roughly 5 percent of participants shared digital voting devices. PSC and MDM used the tallies above as well as the databased “action step” comments which came in the discussion after the voting.conversation for twenty minutes. To reflect the richness of the discussion. action steps. Those votes resulted in the following prioritization of most important strategies for Michigan’s future (see tables below). NOTE: This tally does not add up to the full 10. the MDM project team organized and tallied by theme the responses from every community conversation. At the conclusion of each conversation. with the facilitator inviting participants to detail their success stories. (b) due to over-capacity attendance. (c) the 1.123 community conversation participants on the strategies. To formulate the citizens common ground agenda fully outlined on pages 4-9 of this book. what is the one thing you would ask them to do?” We received many answers.16 Education Clear Taxing & Spending Priorities Accountable & Bipartisan Leadership Government Collaboration & Service Sharing Entrepreneurialism Lifelong Learning Rebranding Michigan as “The North Coast” TOTAL MOST URGENT 2194 1283 950 976 369 406 244 181 6873 2ND MOST URGENT 1024 1142 163 1023 515 453 465 328 6446 TOTAL 3218 2425 2113 1999 884 859 709 509 17 . and success stories. some of which are on page 23. town hall meeting participation. explaining the efforts themselves and the reasons behind their flourishing.16 Education Enrepreneurialism Lifelong Learning Government Collaboration & Service Sharing Economic Development & Diversification Rebranding Michigan as “The North Coast” Accountable & Bipartisan Leadership Clear Taxing & Spending Priorities TOTAL 2510 890 628 607 484 458 279 191 143 6190 MOST URGENT STRATEGY Economic Development & Diversification Pre-K . and. participants were invited to get involved in other Michigan’s Defining Moment campaign activities (meetings with legislators.800 participants from rounds 1 and 2 are not included in the vote totals immediately below.123 people who participated in Community Conversations because: (a) roughly 5 percent of participants did not vote on every question. This report captures the perspectives voiced most often by 10. MOST SUCCESSFUL STRATEGY Quality of Place Pre-K . and others) and to offer a one-phrase reply to this question: “If your local legislators were here today.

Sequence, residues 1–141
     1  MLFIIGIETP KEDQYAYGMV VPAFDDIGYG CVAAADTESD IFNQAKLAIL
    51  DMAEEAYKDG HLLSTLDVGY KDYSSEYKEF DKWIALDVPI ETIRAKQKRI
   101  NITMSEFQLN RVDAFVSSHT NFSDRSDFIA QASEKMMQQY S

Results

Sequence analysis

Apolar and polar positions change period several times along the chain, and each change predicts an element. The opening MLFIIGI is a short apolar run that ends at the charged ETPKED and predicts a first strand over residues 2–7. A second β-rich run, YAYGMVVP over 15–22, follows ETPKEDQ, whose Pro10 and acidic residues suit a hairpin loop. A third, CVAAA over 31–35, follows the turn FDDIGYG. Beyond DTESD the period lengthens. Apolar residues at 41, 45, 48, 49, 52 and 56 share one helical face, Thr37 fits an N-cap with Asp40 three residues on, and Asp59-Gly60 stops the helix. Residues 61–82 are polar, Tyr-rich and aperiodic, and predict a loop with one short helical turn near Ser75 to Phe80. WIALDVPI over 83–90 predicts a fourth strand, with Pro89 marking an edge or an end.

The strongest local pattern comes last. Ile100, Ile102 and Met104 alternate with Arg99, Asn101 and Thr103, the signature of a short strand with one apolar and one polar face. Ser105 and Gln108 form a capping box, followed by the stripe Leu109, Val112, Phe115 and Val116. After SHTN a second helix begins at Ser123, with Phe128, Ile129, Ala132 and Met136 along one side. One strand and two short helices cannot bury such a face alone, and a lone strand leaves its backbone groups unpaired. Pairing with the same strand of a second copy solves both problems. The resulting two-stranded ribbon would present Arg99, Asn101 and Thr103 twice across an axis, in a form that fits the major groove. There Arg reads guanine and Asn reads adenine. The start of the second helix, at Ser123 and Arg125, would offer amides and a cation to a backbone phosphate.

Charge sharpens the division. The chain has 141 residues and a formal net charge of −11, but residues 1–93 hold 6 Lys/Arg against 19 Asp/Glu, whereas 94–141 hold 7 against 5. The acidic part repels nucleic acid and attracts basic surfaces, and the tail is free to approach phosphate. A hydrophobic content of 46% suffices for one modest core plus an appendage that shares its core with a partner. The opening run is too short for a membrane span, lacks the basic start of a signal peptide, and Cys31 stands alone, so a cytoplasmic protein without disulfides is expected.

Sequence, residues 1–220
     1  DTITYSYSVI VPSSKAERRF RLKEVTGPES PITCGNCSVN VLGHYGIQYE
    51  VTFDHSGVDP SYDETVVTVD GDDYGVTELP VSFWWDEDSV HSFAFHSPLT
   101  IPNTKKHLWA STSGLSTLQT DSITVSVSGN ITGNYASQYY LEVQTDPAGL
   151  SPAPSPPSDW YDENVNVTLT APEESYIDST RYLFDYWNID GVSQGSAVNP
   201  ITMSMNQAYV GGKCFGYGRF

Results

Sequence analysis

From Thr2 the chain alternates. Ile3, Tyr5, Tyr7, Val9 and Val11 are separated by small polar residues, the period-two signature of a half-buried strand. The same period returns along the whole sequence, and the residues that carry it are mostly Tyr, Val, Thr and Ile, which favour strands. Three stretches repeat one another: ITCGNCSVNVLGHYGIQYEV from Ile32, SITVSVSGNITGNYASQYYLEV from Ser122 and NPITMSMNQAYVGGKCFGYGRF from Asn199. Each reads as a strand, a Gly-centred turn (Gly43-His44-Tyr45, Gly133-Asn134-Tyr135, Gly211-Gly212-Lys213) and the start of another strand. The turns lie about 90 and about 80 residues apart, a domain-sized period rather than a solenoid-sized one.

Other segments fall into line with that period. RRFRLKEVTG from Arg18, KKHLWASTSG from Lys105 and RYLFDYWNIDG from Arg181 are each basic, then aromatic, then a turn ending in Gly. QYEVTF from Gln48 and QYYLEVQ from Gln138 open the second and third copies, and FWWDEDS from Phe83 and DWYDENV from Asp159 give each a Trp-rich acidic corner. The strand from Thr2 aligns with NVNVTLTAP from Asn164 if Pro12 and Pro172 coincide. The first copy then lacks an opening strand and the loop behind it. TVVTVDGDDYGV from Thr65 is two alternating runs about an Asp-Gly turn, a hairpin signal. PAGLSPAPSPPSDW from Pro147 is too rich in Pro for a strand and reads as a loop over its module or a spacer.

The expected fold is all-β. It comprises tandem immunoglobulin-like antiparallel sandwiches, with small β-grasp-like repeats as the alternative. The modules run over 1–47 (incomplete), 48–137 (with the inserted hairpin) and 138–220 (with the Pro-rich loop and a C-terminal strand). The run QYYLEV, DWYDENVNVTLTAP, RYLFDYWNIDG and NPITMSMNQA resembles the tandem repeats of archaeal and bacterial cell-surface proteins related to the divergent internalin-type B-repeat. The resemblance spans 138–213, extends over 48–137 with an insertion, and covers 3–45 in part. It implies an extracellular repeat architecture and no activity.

Download or order a copy at www.thecenterformichigan. and independent alike. Join the Campaign Truth Squad – and read the updates every day at www. This guide lists the top policy issues of all 20 Great Debates sponsors and provides a sneak peak at the kinds of issues candidates will be asked in the debates and everywhere else they go on the campaign trail.thecenterformichigan. Citiz ens 0 to 00 Tran Deﬁ ning Mo sfor Voi ce m our Sta men t te s MICHIGAN SUCCESS: Stories Of Transformation & Change Stories about victory and endurance are often relegated to the sports page. Republican.000 online subscribers who get the news in their email inboxes every Thursday morning. labor. businesses. and communities are thriving despite the challenging statewide economic climate. 18 . future-oriented public policy and reforms. And it concludes with Phil Power’s priceless family cherry pie recipe. We’re even paying bounties for the worst ads you bring to us.net and share it with your friends. michigantruthsquad. “Fresh Thougths” features in-depth special reports on the Michigan economy. and neighbors.thecenterformichigan. “Michigan Success” includes more than one dozen of the most inspirational profiles to appear in the Center’s weekly e-newsletter.000 VOICES” REPORT Download additional copies of this report at www. and “success stories” profiling how individuals. Subscribe at www. ’ Ag end a •2 01 0 GREAT DEBATES CANDIDATE ISSUE GUIDE The Center for Michigan and 19 other business.net/blog/the-great-debates/. misleading. Written by award-winning veteran journalists. state budget analysis. The political parties are gearing up for another year of media shenanigans and we’re gearing up to call them out – Democrat. higa n’s MDM “10. and hyper-partisan political campaigns. You can help! Send us the campaign fliers you receive in your mailbox and email us about the ads you see on TV and hear on the radio.com.net. education and nonprofit interest groups will sponsor three gubernatorial debates and up to 50 legislative debates airing on statewide public television and online throughout the 2010 campaign season. co-workers.thecenterformichigan.Center for Michigan Publications eNEWSLETTER Join the more than 10. CAMPAIGN TRUTH SQUAD Join in the fun in 2010 as our crack team of journalists calls foul on inaccurate. From July through November we’ll call out and correct the campaign claims that don’t pass muster. Mic 10. net. Download or order a copy at www.